There is somewhat a lack of focus during some of the running time, with the film feeling quite episodic. This approach sometimes works to the film’s advantage, with certain characters getting more focus during the action. However it does affect the overall pace.
Typical of Manga and Anime adaptations, the performances tend to border on the histrionic, but this is entirely in line with the story being told. Script writer Chûji Mikasano is no stranger to the world of Tokyo Ghoul, having previously written episodes of the Anime series.
Masataka Kubota does well, with his Ken Kaneki having slightly evolved since the first film. Sure he still comes across as being suitably freaked out by what is happening, but there is more of a sense of understanding this time round. Kubota is no stranger to Manga adaptations, having headlined the likes of television series Death Note (2015).
Sadly Fumika Shimizu does not return as Kirishima, with her having temporarily retired from the business due to her obligations to the Happy Science Religion. In her place is Maika Yamamoto, who makes a fine replacement, proving to be quite adept at action.
Shota Matsuda has terrific fun as Tsukiyama, playing the role like a more flamboyant Hannibal Lecter. With him injecting an apparent homo-erotic subtext to proceedings.
Shun’ya Shiraishi and Mai Kiryû add some heart to proceedings as ghoul Nishiki Nishio and his Kimi Nishino, the uman he has fell in love with. Their characters give Ken a sense of hope that a human can really live side by side as a ghoul and accept them for who they truly are.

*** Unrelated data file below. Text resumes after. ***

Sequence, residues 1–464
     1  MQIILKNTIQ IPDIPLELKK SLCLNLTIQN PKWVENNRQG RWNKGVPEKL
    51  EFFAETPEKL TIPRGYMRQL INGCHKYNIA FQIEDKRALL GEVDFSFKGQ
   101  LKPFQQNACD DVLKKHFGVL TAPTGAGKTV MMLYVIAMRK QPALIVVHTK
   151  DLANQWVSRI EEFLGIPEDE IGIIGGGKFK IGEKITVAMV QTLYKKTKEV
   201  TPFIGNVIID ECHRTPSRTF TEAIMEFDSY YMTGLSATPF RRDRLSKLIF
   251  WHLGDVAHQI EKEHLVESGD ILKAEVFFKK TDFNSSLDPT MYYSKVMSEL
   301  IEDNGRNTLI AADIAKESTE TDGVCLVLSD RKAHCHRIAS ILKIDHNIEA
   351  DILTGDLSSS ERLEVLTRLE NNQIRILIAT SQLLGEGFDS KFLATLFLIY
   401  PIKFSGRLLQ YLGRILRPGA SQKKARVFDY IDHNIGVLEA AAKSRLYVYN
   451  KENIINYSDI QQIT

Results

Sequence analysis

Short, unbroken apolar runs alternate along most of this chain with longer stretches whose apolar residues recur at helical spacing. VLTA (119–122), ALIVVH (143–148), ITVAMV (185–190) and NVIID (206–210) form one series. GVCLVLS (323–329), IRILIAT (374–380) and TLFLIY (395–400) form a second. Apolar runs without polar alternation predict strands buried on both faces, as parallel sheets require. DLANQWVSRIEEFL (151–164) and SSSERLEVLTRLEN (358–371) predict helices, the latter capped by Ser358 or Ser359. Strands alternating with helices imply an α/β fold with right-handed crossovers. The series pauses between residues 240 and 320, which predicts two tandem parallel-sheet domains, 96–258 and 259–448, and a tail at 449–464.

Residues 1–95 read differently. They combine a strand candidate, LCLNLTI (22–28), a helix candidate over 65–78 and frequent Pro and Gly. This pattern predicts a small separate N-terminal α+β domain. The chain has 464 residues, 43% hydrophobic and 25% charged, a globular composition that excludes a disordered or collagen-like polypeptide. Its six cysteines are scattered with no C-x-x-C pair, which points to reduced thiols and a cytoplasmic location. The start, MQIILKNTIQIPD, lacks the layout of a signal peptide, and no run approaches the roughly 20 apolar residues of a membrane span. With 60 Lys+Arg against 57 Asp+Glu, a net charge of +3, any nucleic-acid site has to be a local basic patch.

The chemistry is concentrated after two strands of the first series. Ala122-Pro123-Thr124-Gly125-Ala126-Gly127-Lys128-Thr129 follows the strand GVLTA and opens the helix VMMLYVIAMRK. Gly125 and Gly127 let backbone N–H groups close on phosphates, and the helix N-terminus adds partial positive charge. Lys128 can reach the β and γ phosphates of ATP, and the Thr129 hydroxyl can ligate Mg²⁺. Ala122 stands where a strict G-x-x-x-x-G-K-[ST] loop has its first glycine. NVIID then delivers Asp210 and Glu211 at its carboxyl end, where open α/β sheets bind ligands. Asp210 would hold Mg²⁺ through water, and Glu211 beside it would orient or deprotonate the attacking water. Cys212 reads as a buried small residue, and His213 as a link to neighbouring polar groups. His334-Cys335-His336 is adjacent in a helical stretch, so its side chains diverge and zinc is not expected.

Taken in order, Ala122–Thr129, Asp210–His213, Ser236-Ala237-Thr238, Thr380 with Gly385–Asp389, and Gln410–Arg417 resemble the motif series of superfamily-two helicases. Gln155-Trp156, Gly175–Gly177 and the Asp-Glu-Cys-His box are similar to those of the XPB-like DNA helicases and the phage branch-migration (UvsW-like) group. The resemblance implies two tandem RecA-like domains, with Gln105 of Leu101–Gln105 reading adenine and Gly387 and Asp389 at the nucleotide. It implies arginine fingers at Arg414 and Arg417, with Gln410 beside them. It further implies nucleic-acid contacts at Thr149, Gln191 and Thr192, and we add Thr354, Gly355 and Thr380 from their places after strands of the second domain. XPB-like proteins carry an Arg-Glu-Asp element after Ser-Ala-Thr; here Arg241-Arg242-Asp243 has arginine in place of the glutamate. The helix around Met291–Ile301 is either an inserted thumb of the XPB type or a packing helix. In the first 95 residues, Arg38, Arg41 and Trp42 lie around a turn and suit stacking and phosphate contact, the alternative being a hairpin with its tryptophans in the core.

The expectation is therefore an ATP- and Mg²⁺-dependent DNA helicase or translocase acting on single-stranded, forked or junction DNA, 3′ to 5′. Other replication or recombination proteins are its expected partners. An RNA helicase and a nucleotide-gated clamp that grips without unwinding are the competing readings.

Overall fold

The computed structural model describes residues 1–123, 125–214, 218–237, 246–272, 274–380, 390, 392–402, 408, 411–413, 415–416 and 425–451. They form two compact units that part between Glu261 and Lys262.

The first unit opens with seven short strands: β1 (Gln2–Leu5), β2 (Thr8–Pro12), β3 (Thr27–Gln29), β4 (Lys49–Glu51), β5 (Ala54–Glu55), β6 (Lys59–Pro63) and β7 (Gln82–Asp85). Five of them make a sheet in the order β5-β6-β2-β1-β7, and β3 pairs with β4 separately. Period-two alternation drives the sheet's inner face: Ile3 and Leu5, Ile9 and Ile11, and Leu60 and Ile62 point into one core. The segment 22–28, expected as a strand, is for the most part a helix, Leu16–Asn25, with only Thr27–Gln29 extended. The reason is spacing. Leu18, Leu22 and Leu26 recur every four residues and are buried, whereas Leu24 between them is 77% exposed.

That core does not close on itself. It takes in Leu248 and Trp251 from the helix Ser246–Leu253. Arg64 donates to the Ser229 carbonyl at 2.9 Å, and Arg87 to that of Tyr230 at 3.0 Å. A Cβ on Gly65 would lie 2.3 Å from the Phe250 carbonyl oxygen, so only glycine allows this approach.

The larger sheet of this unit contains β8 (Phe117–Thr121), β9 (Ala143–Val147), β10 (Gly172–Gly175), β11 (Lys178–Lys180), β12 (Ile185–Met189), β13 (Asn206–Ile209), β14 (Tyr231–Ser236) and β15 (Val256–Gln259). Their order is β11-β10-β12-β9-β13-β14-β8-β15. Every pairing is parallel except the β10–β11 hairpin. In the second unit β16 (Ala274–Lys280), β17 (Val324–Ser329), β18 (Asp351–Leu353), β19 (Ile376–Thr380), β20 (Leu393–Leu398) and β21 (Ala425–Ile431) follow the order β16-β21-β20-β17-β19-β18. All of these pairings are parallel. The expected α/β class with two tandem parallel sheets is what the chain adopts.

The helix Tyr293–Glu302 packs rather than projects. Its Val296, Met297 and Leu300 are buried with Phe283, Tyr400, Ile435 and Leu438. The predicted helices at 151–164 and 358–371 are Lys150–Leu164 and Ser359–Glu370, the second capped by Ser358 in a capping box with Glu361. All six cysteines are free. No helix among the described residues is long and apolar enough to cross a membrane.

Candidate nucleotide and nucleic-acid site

It is clear that Tokyo Ghoul S does not have as high a budget as some other Manga adaptations such as the recent Kingdom (2019). The directors work this to their advantage. While I have certainly seen better CGI it used quite well and adds to the action.
While it takes a little while to get to the action, once it comes it is of relatively high quality. The action also does not let up on the violence, with them being suitably bloody. The action is definitely the selling point of Tokyo Ghoul S, it is just a shame that there is not more of it rather than some of the tiresome character work, which slows the pace of the film considerably.
Some reviews have compared the fight scenes to be reminiscent of a more adult Power Rangers, which is a fair conclusion. This is possibly down to action director Makoto Yokoyama having extensively worked on many iterations of the Power Rangers series throughout his career.
He also co-directed cult favourite Wicked Game (2002) alongside Koichi Sakamoto. Whilst it was clearly made on a limited budget, it proved to be a fine show reel for his and Sakamoto’s fight choreography.
While Tokyo Ghoul S may not bring any new fans to the series, those with an appetite for its ghoulish thrills will be thoroughly entertained and will no doubt be looking forward to a third entry, something which Tokyo Ghoul S alludes to.